I have no idea when I first heard of The Day of the Triffids. I wouldn't be able to swear it was before I moved back to the UK. More likely, it was when some movie version of it was released. In any event, it wasn't staple reading for me, growing up as a science fiction reader in the U.S. I'm reading it now, with momentum from a local SF book club.

I don't remember why, over dinner last night with BSFA people, I mentioned I was reading it, but it was apropos of Englishness. Someone said it must be full of tea. At that point, characters had only drunk whisky. I promised I'd report back on the tea situation, so here I am: after innumerable alcoholic beverages and some coffee (made with more alcohol and canned milk), two of the characters finally have cups of tea approximately a third of the way into the book.*

A newly-met American last night had never heard the title, somewhat to my delight. C. was shocked to hear that it was possible to have avoided it. He grew up in England, you see, where it is a staple of people who grow up reading SF. I often say I become unread whenever I move countries, but it was nice to have such a specific scrap of evidence to back me up on it.

* For a full Triffids tea report, you'll have to wait until I'm done reading it.
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posted by [personal profile] owlfish at 11:48am on 24/11/2010 under ,
I feel sorry for books which are published in the last weeks of a year. They are inevitably left off many of the best-of-the-year lists, because those best-of lists are published before the year is even done. Some newspapers at least wait until the last week of the year. Commercial entities, however, have every reason to put theirs out in time for the Christmas shopping period.

In the U.S., it's Thanksgiving this week, a vacation which combines with its distance from Christmas to make this coming Friday the highest-volume shopping day of the year there. As a result, my inbox has been full of advertising for sales forthcoming in another day or two.

Amazon.com, as one of the U.S.'s major retailers, is, of course, in on the whole thing. In addition to their sale emails, they have also released their lists of the best books of 2010. Yes, already.

In addition to their overall top 10, they have put out top 10s for 22 genres in both fiction and nonfiction. Browsing through these taught me that I read more cookbook reviews than I had realized: I had heard of, read about, or browsed through more of their top 10 cookbooks than any other genre of books. (I wonder if it's easier to predict the "important" titles in the world of cookbooks than in other genres?) I buy more food lit, but knew fewer of their titles in it.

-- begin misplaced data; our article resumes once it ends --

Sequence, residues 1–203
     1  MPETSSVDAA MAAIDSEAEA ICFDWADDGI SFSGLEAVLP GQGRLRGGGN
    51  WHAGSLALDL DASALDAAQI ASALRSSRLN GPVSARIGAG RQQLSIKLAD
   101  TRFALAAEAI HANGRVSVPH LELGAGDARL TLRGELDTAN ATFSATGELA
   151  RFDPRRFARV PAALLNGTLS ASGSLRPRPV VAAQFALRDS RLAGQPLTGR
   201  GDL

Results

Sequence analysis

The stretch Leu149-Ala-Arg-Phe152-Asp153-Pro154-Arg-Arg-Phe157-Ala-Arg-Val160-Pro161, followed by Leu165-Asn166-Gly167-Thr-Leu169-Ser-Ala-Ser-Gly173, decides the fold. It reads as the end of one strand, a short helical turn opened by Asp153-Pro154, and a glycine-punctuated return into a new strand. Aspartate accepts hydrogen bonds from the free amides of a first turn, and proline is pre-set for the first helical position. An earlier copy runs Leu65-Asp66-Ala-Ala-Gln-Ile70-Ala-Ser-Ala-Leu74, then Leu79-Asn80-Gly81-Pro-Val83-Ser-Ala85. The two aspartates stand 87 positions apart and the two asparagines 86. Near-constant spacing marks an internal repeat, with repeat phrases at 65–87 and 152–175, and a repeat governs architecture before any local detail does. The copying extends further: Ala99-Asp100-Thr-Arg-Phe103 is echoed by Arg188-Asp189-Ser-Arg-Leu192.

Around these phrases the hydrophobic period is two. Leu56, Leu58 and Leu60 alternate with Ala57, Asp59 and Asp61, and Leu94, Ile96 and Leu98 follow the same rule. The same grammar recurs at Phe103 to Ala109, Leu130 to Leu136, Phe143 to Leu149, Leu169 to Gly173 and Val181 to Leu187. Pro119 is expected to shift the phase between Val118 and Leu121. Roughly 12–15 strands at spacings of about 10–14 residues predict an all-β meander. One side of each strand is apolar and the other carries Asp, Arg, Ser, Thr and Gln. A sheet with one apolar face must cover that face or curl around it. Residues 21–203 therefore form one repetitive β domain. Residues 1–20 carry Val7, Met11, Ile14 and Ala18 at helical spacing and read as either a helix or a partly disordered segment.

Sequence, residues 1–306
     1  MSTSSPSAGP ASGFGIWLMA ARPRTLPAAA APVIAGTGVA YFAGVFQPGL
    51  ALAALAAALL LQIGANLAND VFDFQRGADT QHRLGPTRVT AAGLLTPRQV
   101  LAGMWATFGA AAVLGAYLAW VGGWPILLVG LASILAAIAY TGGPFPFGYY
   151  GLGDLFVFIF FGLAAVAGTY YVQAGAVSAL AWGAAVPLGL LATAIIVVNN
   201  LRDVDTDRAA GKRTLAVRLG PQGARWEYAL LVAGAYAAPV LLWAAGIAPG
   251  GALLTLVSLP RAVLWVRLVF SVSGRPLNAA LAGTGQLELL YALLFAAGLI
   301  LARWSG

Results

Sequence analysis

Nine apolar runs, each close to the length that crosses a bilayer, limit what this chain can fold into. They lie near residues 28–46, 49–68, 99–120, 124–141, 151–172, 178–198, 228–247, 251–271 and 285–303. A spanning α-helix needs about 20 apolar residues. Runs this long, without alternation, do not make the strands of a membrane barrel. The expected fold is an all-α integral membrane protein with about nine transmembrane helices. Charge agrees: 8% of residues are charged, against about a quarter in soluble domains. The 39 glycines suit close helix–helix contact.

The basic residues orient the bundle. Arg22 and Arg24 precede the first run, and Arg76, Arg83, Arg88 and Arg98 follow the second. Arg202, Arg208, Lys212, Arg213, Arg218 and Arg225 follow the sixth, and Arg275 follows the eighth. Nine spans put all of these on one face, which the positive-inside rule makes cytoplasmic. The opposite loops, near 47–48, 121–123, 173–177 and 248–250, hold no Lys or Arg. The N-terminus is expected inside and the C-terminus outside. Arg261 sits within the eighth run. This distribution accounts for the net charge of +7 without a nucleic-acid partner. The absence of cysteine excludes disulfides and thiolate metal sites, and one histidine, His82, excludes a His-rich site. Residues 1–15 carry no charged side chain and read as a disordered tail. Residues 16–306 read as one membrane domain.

What I wanted to tell you about, however, was Amazon.com editors' picks of the top 10 science fiction and fantasy novels of 2010. I read lots of science fiction and fantasy reviews (I thought), but I had heard of hardly any of these titles. My first impression is that they are carefully choosing books which are packaged to have greater nongenre appeal than most of what I have been reading about.

I'm delighted to see that their top book is a work in translation, from Czech. It's refreshing - almost a relief in terms of balancing out English-language genre domination - when translated works have representation on lists; better still that this one managed to earn their top spot. N.K. Jemisin's The Hundred Thousand Kingdoms is in fifth place, the only book on this list of which I have read multiple, largely positive, reviews. I knew about How to Live Safely in a Science Fictional Universe: A Novel.

Perhaps I was not familiar with most of this list because I have been reading more British reviews than those from other countries. Perhaps it's because I haven't been living in the U.S. this year. Perhaps it's because these are books which really are aimed more at nongenre readers, but have speculative elements in them. I keep hearing discussions of how SF&F has gone mainstream: is this list an example of that?
owlfish: (Eternal Quest)
posted by [personal profile] owlfish at 10:01pm on 20/09/2010 under ,
The British Science Fiction Association hosts a monthly pub night upstairs at the Antelope pub in Sloane Square in London, on the fourth Wednesday of the month at 7 pm. That's this Wednesday.

This month features Charlie Butler and Farah Mendlesohn discussing the work of Diana Wynne Jones. They're lively, insightful scholars who've done book-length work all or in part on DWJ. Many of you already know them well.

More details here.

Come along if you can!

Even if you cannot, if you have a possibly subject for them to cover in their discussion, leave me a comment, please.